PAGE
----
ANKARA, Turkey — The Turkish lira continued to rebound from record losses on Thursday a day after Qatar pledged $15 billion in investments to help Turkey's economy.
The currency strengthened some 2 percent against the dollar, trading at around 5.85 per dollar, hours before Treasury and Finance Minister Berat Albayrak was scheduled to update international investors about the economy.
The lira had nosedived in recent weeks, hitting a record low of 7.24 earlier this week, amid a diplomatic and trade dispute with the United States that has exacerbated investor concerns over Turkey's economy.
Washington imposed sanctions on two Turkish government ministers and doubled tariffs on Turkish steel and aluminum imports over the continued detention of an American pastor on espionage and terror-related charges. Turkey retaliated with some $533 million of tariffs on some U.S. imports — including cars, tobacco and alcoholic drinks — and said it would boycott U.S. electronic goods, singling out Iphones.
The White House said Wednesday that the United States “won't forget” how Turkey treated Andrew Brunson, the detained American pastor, after a court rejected his appeal for release.
Press secretary Sarah Huckabee Sanders also criticized Turkey's move to impose tariffs on some U.S. goods as “regrettable and a step in the wrong direction.” She wouldn't be drawn on whether the Trump administration would respond.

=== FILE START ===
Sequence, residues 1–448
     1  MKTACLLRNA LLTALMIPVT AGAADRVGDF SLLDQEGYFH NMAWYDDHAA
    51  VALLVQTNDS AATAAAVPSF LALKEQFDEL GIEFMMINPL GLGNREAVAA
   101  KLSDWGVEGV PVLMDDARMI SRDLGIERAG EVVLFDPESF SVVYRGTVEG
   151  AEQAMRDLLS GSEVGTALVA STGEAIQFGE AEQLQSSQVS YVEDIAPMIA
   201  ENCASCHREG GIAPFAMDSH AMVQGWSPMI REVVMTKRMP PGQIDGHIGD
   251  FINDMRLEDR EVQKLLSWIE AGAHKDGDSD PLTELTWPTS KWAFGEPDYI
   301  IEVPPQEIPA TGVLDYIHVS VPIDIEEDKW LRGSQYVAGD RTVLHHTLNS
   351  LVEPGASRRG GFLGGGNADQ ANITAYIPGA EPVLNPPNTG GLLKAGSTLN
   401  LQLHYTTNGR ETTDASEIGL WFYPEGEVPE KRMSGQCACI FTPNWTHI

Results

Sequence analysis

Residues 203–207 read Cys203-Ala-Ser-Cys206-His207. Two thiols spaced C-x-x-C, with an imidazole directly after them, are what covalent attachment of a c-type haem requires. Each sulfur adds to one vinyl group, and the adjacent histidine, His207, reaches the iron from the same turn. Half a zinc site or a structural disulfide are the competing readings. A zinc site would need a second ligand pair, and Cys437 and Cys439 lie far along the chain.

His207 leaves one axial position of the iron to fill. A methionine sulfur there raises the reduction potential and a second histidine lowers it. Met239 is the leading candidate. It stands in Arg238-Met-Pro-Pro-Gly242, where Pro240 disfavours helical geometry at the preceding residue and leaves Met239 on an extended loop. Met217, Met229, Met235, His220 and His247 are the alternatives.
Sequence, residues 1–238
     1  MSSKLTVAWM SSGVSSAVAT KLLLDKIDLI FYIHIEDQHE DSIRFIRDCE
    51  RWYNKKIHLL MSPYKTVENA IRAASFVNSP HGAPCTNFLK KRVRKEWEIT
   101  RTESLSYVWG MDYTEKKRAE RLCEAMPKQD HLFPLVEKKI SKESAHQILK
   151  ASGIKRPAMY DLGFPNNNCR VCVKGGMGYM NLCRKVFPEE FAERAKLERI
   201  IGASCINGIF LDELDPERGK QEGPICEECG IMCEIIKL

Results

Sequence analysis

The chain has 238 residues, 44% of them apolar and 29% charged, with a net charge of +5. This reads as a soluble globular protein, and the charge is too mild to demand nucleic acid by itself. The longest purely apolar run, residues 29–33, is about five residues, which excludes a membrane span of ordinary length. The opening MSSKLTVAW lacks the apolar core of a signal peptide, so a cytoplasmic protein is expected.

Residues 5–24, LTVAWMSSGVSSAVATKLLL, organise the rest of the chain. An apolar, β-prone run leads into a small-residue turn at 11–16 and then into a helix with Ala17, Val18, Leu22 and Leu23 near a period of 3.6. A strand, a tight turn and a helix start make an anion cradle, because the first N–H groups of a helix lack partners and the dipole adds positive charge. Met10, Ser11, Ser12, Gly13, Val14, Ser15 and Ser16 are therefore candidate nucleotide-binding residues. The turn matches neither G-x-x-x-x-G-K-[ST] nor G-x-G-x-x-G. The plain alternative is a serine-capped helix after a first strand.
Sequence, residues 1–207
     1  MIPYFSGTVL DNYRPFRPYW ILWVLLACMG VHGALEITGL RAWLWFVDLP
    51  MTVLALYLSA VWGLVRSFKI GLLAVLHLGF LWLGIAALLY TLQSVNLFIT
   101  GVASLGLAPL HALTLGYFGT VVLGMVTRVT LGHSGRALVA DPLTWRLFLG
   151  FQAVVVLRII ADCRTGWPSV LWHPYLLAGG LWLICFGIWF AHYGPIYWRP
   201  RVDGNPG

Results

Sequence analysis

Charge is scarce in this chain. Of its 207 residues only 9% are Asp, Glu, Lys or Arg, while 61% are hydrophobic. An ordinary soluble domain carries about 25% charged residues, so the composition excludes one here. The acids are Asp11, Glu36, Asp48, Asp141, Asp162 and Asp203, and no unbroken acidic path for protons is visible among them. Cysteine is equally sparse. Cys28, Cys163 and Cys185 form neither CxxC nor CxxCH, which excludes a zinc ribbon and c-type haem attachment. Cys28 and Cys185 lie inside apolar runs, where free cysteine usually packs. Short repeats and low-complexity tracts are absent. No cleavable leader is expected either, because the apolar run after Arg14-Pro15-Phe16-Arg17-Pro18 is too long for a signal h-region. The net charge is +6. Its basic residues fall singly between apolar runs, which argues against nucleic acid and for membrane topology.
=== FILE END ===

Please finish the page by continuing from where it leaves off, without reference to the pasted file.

The Turkish currency began to recover after authorities this week took steps to help bank liquidity and limit swap transactions. Also helping the currency were moves by Turkey this week to gain favor with European countries, including releasing two Greek soldiers and an Amnesty International human rights campaigner from prison.
Qatar said it would provide “a host of economic projects, investments and deposits” worth $15 billion to support Turkey's economy. The decision came after Qatar's emir, Sheikh Tamim bin Hamad Al Thani, met with Turkish President Recep Tayyip Erdogan in Ankara.
International investors have been worried by Turkey's high levels of foreign debt and Erdogan's refusal to allow the central bank to raise interest rates to support the currency, as experts say it should.
- Shots fired at gate of US Embassy in Turkey, but no one hurt
- American pastor back in court for spying and terror trial
- Erdogan loses ground in Turkey's big cities in local voting
- Turkey increases tariffs on some US goods, escalating feud
- Turkey's Erdogan vows US boycott, but diplomats resume talks
- Turkish central bank tries to contain currency crisis